EFIT Yukun Huang
On the morning of June 29, Lixin Xu, chief economist of the world bank's research department, gave a lecture entitled “The Lasting Impact of the Taiping Rebellion” in 117, Weiyu Building.
The lecture begins with the incentive part of why the professor cares about the topic. Civil war is very important in development economics. A big focus in development economics is why some countries are rich and some are poor. As one of the most serious civil wars in Chinese history, the TP has a long-term impact on the population level and current development level.
By analyzing the data of prefecture-level cities from the Qing dynasty to the present, professor Lixin Xi analyzed that compared with the control group, the TP caused a large loss of permanent residents in the TP area. In this sense, TP influence can even be compared to the black death in Europe.
In addition, professor Lixin Xi also concluded that the TP area has greater financial capacity and the division of modern departments. The two ways of TP's influence are mainly the victimization and the enhancement of wartime financial ability. Unlike the emigrants, they will design a very reasonable tax system. Most of the early TP was an exile, and most of the late TP was a sedentary occupation. Under the victimization mechanism, the population recovers faster and the development is obviously better. Better land property rights, or closer to the capital region of the TP, after a century and a half, population to recover faster, higher income, financial ability is stronger, human capital is higher, a higher proportion of non-agricultural or manufacturing.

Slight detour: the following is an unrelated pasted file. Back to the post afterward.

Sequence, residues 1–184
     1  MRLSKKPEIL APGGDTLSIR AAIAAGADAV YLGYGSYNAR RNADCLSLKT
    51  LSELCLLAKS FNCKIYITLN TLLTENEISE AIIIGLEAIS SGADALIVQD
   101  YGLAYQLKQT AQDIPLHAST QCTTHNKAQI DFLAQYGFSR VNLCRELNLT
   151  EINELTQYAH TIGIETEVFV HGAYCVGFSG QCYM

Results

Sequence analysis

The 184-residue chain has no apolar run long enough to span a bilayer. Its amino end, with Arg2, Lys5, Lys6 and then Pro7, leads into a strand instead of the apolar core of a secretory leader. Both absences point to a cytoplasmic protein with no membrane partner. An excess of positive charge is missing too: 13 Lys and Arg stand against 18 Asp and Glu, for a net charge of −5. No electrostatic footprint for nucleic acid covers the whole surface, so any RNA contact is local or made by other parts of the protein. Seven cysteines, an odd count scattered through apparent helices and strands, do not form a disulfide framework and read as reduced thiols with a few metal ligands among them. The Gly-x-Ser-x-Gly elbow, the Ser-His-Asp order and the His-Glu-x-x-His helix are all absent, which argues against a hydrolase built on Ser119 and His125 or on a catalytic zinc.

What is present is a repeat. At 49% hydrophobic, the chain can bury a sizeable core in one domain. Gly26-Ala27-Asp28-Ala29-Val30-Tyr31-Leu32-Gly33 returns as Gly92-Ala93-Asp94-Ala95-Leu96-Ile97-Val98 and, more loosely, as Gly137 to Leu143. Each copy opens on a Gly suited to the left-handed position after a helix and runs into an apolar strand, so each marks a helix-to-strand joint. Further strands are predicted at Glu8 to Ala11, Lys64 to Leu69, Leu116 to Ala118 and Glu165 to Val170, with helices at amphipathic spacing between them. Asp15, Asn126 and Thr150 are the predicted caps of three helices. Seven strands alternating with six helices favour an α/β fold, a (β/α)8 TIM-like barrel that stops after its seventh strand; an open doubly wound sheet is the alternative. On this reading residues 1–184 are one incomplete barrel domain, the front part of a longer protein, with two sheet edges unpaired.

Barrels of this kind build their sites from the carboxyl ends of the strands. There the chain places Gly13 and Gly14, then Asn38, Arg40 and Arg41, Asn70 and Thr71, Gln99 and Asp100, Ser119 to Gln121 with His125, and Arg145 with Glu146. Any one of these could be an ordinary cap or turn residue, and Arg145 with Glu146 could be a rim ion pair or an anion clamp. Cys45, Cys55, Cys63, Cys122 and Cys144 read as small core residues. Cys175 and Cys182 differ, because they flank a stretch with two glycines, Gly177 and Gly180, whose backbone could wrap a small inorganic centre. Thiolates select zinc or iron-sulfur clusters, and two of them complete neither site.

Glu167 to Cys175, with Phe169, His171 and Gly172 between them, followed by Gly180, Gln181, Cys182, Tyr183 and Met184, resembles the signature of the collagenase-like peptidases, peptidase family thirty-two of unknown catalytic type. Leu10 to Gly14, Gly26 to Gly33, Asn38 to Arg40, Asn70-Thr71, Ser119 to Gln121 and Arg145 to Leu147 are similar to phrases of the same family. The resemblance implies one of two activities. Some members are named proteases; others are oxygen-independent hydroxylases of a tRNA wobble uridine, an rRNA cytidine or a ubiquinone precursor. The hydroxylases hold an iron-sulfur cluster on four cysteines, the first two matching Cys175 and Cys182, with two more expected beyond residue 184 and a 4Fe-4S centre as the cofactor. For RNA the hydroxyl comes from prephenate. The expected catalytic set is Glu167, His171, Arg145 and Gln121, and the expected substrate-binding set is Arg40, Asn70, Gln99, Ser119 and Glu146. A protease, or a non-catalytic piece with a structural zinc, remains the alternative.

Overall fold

Finally, there is evidence that national capabilities and local institutions are complementary in wartime. The first step in the transition from poor to rich countries is known as the Malthusian transition. In the process, the population rose sharply and GDP remained unchanged. Famines and pestilence continue to cause population decline and return to a manageable population. The Malthusian period is still very long in Chinese history. In the post-Malthusian stage, the rate of technological change accelerated slightly, per capita income increased, and the population increased. The third growth model is modern growth, at which point the population basically stops growing. This is true of countries such as Western Europe. Furthermore, initial human capital is strongly associated with long-term development. The findings that the TP results in a sustained lower population level and stronger long-term development imply that this gigantic war facilitated the Malthusian demographic transition to Post-Malthusian and/or modern growth regimes via institutional development and the strengthening of fiscal capacity.